Take My Business, Please
It didn't take long to see the effect of the Supreme Court's idiotic decision to allow state and local goverments to take your property at will, for any reason. In nearby Oakland, two business owners had their property confiscated by the city government so that a developer could build high-priced condos on the lot.
Last week's U.S. Supreme Court ruling approving a Connecticut city's plan to take private land by eminent domain may seem far away. But to John Revelli, whose family has operated a tire shop near downtown Oakland for decades, the implications hit home on Friday. A team of contractors hired by the city of Oakland packed the contents of his small auto shop in a moving van and evicted Revelli from the property his family has owned since 1949.The Uptown Project is the brain child of a real estate developer named Albert B. Ratner, co-Chairman of the Forest City Enterprises, the prime contractor of the condominium complex. As it turns out, this jerk Ratner and a zillion of his relatives have given about a zillion dollars to just about every politician under the sun from both parties. Which just goes to show you that you really can't trust anyone in politics today.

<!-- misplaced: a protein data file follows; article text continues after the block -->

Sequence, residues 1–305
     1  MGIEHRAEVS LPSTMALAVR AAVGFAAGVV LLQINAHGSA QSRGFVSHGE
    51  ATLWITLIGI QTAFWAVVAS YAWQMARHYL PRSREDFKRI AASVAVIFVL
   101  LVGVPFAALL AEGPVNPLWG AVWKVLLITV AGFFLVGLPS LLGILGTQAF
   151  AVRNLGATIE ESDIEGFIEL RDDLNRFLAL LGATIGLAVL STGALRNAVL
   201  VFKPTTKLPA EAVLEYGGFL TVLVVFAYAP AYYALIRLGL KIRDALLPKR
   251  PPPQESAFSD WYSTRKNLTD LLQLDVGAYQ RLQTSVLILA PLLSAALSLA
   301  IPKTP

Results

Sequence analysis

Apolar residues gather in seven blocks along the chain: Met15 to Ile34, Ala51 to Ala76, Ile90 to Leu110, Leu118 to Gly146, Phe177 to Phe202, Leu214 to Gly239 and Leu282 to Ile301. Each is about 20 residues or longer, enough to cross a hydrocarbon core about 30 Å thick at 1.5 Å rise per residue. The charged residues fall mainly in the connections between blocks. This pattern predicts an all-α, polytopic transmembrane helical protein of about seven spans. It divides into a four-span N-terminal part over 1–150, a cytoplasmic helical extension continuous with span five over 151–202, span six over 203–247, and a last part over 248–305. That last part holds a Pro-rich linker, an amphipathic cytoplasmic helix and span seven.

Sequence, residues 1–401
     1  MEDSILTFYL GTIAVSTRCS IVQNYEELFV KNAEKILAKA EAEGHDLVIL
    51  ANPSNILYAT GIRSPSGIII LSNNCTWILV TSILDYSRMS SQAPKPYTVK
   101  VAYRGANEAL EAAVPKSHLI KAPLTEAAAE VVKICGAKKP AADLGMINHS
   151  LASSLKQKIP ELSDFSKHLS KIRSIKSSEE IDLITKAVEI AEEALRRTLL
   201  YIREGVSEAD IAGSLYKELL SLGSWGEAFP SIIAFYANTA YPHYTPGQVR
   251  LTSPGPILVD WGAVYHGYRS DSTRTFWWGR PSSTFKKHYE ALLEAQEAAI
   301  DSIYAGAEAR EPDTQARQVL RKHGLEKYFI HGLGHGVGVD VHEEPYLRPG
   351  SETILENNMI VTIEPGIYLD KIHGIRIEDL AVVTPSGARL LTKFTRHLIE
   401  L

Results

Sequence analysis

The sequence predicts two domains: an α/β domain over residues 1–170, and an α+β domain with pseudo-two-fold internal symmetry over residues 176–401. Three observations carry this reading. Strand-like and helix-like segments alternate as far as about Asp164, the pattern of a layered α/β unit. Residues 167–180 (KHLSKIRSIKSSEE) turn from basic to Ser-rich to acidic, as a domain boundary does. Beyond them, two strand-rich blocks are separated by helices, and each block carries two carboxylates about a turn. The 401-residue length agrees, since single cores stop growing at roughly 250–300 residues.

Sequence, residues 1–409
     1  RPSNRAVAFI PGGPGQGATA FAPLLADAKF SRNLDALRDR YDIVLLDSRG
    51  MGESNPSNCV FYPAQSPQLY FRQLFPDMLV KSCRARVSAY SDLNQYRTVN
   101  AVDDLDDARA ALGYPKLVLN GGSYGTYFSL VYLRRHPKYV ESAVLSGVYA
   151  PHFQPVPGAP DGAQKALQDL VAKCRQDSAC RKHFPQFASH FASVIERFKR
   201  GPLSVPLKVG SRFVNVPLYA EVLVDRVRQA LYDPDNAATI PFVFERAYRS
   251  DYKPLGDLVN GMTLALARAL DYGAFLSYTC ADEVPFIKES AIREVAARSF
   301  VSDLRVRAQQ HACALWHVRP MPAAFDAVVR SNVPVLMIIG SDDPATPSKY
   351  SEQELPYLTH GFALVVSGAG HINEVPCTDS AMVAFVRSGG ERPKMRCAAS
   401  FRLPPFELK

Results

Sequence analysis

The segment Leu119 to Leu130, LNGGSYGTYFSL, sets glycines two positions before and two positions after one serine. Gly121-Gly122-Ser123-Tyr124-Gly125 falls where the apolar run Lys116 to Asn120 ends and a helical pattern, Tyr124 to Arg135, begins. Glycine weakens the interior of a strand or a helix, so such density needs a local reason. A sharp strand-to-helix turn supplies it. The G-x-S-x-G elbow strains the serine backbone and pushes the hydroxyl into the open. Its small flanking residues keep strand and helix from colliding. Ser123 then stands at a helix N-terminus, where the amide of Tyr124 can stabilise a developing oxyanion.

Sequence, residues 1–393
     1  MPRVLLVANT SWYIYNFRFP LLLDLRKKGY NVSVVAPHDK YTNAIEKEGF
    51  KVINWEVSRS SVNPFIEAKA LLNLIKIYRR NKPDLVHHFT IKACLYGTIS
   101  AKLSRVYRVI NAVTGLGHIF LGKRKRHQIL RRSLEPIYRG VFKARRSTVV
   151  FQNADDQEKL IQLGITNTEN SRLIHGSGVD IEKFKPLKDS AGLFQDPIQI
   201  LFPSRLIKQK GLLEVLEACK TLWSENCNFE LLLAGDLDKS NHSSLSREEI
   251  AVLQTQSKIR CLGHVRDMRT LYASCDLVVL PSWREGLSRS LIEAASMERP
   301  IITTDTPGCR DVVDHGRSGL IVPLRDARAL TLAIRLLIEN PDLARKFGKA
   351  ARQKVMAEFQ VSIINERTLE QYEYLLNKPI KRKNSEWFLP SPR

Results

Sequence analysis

The city of Oakland, using eminent domain, seized Revelli Tire and the adjacent property, owner-operated Autohouse, on 20th Street between Telegraph and San Pablo avenues on Friday and evicted the longtime property owners, who have refused to sell to clear the way for a large housing development. The two properties, which total 6,500 square feet, were being forced to move or sell because their businesses are on a larger section of land that is slated for the Uptown Project, a city-subsidized real estate development that is expected to include nearly 1,200 apartments and condominiums.
The project's wedge-shaped lot, just west of the 19th Street BART Station, includes several blocks roughly bounded by 20th Street, 17th Street, Telegraph Avenue and San Pablo Avenue. Both Revelli Tire and Autohouse, owned and operated by Tony Fung, are on the northern edge of the project in the 400 block of 20th Street, which is also called Thomas L. Berkley Way.